Tokyo Game Show 2019

Overall, there were no big surprises this year at the Tokyo Game Show 2019, but still had plenty to offer and gave us a peak at what’s to come.

Tokyo Game Show 2019

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written by Damon Finos

Dance Dance Revolution Trophy Guide

Dance Dance Revolution Trophy Guide. Difficulty: ***  A dance rhythm game that uses the PlayStation Move controller, and the first in the series to be ported onto the PlayStation 3. The game might be challenging to beginners of the series, though not to hard for experts.

Game Name Difficulty Trophies Developer Country Bronze Silver Gold Online DLC
Dance Dance Revolution *** 55 Konami Japan 46 6 2 0 0

Dance Dance Revolution

Dance Dance Revolution is the first DDR title to be ported onto the PlayStation 3. It combines both the controller mat and PlayStation Move, so players make use of both hands and feet in rhythm to the music and on-screen instructions.

The game includes 50 songs, which include both popular Western tracks as well as Konami's original titles. Download packs are also available on the PSN to expand your collection. The game also includes a new feature to the DDR series, such as Chain Arrow which grants a score bonus for maintaining a combo through sections of arrows, and Groove Trigger which allows players to cut their lifebar by 50% to increase their points.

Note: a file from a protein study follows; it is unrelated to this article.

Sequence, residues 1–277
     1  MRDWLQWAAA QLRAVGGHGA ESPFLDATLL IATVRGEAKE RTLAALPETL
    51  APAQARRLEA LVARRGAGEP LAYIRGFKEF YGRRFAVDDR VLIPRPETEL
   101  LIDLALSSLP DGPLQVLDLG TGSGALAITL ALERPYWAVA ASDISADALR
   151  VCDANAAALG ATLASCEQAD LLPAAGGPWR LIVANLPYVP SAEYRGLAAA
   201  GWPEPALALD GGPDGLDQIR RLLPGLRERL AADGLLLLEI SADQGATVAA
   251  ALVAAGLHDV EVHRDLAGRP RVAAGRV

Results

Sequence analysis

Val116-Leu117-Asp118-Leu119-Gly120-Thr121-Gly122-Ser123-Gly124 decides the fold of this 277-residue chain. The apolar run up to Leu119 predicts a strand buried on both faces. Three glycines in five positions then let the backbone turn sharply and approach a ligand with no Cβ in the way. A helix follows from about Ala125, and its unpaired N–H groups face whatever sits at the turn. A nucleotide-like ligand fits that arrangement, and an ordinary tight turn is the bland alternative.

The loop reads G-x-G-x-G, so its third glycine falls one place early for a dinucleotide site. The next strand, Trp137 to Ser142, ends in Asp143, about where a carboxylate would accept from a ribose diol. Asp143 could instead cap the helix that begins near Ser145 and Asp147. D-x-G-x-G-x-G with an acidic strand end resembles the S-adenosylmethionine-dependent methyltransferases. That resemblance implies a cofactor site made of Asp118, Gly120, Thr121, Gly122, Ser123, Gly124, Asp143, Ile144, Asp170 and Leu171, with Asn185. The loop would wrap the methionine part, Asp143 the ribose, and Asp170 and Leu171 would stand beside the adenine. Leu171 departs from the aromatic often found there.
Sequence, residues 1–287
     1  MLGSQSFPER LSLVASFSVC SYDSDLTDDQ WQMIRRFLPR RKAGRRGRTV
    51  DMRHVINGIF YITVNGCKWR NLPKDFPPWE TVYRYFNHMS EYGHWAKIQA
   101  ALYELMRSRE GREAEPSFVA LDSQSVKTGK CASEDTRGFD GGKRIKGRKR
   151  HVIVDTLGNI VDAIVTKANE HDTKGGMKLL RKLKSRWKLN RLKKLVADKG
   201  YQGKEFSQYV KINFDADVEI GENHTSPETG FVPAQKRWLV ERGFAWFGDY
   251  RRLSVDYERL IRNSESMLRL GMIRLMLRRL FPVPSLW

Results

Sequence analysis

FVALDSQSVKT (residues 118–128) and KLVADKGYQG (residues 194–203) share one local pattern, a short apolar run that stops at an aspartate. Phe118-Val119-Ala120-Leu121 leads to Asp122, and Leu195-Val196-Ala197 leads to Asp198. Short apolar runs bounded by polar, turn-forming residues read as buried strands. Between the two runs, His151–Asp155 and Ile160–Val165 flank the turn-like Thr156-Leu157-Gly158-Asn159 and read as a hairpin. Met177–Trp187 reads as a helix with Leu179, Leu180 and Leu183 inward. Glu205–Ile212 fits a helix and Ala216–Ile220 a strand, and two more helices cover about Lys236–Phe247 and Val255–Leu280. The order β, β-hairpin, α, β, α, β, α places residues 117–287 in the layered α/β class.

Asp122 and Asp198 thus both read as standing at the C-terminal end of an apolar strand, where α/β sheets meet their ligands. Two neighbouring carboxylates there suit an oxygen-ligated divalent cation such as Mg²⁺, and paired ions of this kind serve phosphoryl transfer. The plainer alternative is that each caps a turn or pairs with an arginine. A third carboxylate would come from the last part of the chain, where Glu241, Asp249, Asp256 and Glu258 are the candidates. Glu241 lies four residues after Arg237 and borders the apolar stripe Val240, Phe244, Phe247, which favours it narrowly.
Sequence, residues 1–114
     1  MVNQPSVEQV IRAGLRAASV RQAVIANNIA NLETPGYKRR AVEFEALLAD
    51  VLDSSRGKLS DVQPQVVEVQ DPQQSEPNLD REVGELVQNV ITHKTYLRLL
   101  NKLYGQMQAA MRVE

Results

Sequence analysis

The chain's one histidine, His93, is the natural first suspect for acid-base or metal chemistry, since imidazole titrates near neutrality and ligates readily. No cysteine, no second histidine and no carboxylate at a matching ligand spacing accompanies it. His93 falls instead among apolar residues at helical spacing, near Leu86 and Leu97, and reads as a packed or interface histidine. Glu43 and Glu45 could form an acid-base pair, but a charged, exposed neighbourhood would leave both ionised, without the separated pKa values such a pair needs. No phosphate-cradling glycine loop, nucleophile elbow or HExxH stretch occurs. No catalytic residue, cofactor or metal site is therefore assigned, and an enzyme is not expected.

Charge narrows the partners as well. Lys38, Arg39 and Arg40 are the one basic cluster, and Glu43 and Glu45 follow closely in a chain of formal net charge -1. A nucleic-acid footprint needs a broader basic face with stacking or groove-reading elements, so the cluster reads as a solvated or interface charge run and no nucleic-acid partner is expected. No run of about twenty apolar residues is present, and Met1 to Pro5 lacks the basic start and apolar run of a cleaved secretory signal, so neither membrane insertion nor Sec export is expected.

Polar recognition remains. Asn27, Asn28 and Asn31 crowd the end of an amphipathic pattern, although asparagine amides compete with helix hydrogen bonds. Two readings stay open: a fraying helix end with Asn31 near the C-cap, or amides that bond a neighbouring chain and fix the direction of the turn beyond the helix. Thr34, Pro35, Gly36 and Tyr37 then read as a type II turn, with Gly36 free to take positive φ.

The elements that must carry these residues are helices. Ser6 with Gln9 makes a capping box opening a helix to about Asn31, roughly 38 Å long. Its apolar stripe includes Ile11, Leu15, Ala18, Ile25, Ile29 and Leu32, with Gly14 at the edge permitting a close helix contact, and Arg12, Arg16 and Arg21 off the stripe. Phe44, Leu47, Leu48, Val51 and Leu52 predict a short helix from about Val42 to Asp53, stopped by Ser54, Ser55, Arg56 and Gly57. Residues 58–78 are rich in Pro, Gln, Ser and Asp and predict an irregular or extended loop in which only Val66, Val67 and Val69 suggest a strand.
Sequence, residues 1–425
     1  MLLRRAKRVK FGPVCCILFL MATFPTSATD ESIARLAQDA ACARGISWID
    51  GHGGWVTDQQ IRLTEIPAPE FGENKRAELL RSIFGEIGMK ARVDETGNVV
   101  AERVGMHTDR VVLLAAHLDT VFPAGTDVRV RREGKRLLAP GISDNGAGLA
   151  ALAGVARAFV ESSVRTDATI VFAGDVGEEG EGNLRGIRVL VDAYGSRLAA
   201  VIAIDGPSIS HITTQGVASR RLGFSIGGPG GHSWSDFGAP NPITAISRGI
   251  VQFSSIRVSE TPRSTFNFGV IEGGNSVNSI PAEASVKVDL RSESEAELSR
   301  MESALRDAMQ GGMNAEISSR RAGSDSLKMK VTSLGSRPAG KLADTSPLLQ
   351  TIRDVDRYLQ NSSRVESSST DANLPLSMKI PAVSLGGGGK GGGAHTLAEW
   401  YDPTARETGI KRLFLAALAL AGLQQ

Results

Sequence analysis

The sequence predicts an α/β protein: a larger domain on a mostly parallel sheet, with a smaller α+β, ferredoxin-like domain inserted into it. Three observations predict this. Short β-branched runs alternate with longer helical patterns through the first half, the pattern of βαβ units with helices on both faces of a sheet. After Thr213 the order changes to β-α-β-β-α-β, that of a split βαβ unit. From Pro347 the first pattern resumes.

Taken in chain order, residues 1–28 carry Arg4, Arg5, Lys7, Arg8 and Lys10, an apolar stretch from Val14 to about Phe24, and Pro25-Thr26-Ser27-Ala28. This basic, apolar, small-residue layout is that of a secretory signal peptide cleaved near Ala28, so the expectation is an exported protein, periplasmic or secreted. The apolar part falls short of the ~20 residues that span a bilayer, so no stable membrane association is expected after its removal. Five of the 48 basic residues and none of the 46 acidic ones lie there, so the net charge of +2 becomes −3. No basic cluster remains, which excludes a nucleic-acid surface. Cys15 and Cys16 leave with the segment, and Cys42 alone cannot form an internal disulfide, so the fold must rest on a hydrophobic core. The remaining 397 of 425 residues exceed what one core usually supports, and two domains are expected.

Dance Dance Revolution received a wide range of reviews, from negative to positive, with an average score of 62%. Critics accused the scoring system as being "broken," and forcing experienced players to start on easy levels, while positive reviewers noted the sharp visuals and overall great presentation of the game.

Like any music rhythm game, from Rock Band to Hatsune Miku, Dance Dance Revolution's difficulty for the Platinum entirely depends on your skills. If you're a DDR master, then this game could be brought down to a 2-star. If this is your first time and you tend to lack rhythm, Dance Dance Revolution could be brought up to a 4-star. Some of the Club Mode trophies, such as getting a 1000 combo, can be very challenging and frustrating to the newbies.

NOTE: You will need a PlayStation Move controller for the Platinum.

This game doesn't require much of a roadmap, but there are a few easier trophies you can get out of the way in the beginning. Start on Training Mode and play through, which will earn you Welcome To DDR! and Playing The Real Thing.

Next, you can head into Dance Off and collect the two easier trophies here: Dance Party and White-Hot Dance Battle.

Afterwards, you'll be spending the majority of your time in Club Mode. There are a number of miscellaneous trophies here to be earned, some of which you'll acquire naturally as you progress through the songs. Check out the Dance Dance Revolution trophy guide links under our Links tab for further details.

Have fun!